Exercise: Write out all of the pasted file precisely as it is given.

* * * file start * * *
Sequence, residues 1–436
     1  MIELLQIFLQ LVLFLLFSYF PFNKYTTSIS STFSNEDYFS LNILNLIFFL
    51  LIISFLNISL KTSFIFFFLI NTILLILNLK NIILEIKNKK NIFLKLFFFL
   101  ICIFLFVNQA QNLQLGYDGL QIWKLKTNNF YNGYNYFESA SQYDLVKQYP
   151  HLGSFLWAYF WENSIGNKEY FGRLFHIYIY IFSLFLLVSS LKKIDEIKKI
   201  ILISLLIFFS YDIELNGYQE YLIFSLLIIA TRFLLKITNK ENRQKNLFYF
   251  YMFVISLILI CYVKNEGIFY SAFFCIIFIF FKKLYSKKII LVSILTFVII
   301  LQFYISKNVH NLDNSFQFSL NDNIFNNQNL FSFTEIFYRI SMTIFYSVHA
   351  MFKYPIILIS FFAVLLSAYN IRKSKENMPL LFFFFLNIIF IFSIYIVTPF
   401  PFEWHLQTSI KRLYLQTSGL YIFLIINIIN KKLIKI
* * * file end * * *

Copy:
Sequence, residues 1–436
     1  MIELLQIFLQ LVLFLLFSYF PFNKYTTSIS STFSNEDYFS LNILNLIFFL
    51  LIISFLNISL KTSFIFFFLI NTILLILNLK NIILEIKNKK NIFLKLFFFL
   101  ICIFLFVNQA QNLQLGYDGL QIWKLKTNNF YNGYNYFESA SQYDLVKQYP
   151  HLGSFLWAYF WENSIGNKEY FGRLFHIYIY IFSLFLLVSS LKKIDEIKKI
   201  ILISLLIFFS YDIELNGYQE YLIFSLLIIA TRFLLKITNK ENRQKNLFYF
   251  YMFVISLILI CYVKNEGIFY SAFFCIIFIF FKKLYSKKII LVSILTFVII
   301  LQFYISKNVH NLDNSFQFSL NDNIFNNQNL FSFTEIFYRI SMTIFYSVHA
   351  MFKYPIILIS FFAVLLSAYN IRKSKENMPL LFFFFLNIIF IFSIYIVTPF
   401  PFEWHLQTSI KRLYLQTSGL YIFLIINIIN KKLIKI